It’s a common misconception that, when a lease ends between normal payment dates, rent is then payable on a daily basis to the end of the term. In most cases, that is not so. Rent is usually payable by equal quarterly instalments in advance, with each quarter due in full on the relevant date. Dividing it up on a daily basis is possible only if the lease clearly allows it.

“The tenant has paid rents reserved and demanded … up to the termination date and by the termination date”.

In PCE Investors Ltd v Cancer Research UK, the tenant served a break notice to terminate their lease on 11 October 2010. They had received an invoice for rent and service charges of around £66,000. Payment was due on the quarter day of 29 September 2011. As they intended to move out in some 12 days’ time, they paid around £8,500 to cover rent and VAT, calculated on a daily basis up to the break date.

The landlord alleged that they had not complied with the condition to pay the rent demanded, so the break was ineffective. Disallowing the break, the judge explained the logic for requiring a full quarter’s rent in advance, even though the lease might be broken a few days later. Everything rests on the word ‘might’ since nobody knows in advance whether or not the lease, in fact, will end on the date stated in the notice. The only safe course is to pay the whole quarter’s rent in advance. And ideally, the break option should have been so worded as to allow for a pro rata refund after the break date.

Break conditions – arrears

The case of QuirkCo Investments Ltd v Aspray Transport Ltd is a reminder that extras such as insurance premiums are usually classified as ‘rent’.

“Break right is conditional on there being no arrears of any rents at the break date”

The tenant, Aspray, served a valid break notice in March 2010 to terminate their lease of a warehouse on 18 December the same year. The break was subject to a condition that there should be no arrears at the break point.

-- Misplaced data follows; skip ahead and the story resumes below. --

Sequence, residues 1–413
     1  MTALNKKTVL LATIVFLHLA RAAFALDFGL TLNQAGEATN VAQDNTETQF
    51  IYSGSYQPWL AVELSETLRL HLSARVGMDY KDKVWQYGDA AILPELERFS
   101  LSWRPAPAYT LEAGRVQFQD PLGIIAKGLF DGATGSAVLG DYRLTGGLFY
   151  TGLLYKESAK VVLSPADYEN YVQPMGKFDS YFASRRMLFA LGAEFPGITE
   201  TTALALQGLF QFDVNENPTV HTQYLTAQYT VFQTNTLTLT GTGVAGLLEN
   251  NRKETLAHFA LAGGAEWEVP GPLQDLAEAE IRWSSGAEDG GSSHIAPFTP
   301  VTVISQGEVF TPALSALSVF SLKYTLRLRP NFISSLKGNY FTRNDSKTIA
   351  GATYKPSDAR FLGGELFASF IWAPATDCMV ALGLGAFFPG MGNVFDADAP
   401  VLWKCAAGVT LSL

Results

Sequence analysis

In November 2010, the landlord invoiced Aspray for insurance of the warehouse, for the year beginning 30 November. Believing they should only have been billed up to the December break date, Aspray offered instead to pay the pro rata sum of £151.50 (although, in fact, they did not pay anything).

Having breached the condition relating to arrears, Aspray would ordinarily have lost the break. However, QuirkCo’s cheque to their insurance broker had gone astray, and a replacement wasn’t banked until January 2011. The judge ruled that the lease allowed the landlord to recover the cost of insurance only if they had already paid it themselves. Judgment was refused. The tenant won this round of the battle but the issue is due to be re-examined at a full court hearing, at which all will depend on the wording of the lease.

As always, if you need commercial and pragmatic legal advice, we’re here to help so please get in touch.

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Disclaimer: All legal information is correct at the time of publication but please be aware that laws may change over time. This article contains general legal information but should not be relied upon as legal advice. Please seek professional legal advice about your specific situation - contact us; we’d be delighted to help.
Alasdair Garbutt LLB (Hons)
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Alasdair Garbutt